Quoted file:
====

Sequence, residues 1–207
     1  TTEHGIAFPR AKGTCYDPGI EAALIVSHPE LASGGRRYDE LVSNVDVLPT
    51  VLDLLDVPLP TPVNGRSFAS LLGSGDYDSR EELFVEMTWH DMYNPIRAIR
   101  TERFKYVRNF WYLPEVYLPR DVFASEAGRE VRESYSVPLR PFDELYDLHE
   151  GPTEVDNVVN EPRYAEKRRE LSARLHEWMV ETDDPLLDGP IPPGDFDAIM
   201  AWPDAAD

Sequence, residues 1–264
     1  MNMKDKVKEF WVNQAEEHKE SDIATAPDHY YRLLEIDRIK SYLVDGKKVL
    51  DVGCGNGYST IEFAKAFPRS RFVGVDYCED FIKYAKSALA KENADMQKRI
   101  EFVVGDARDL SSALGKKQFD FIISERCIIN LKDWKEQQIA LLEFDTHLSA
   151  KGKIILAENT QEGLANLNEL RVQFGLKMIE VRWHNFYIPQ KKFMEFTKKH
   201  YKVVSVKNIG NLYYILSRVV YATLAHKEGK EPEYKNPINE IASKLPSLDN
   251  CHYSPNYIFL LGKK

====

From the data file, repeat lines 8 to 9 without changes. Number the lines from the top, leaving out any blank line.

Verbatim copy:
     1  MNMKDKVKEF WVNQAEEHKE SDIATAPDHY YRLLEIDRIK SYLVDGKKVL
    51  DVGCGNGYST IEFAKAFPRS RFVGVDYCED FIKYAKSALA KENADMQKRI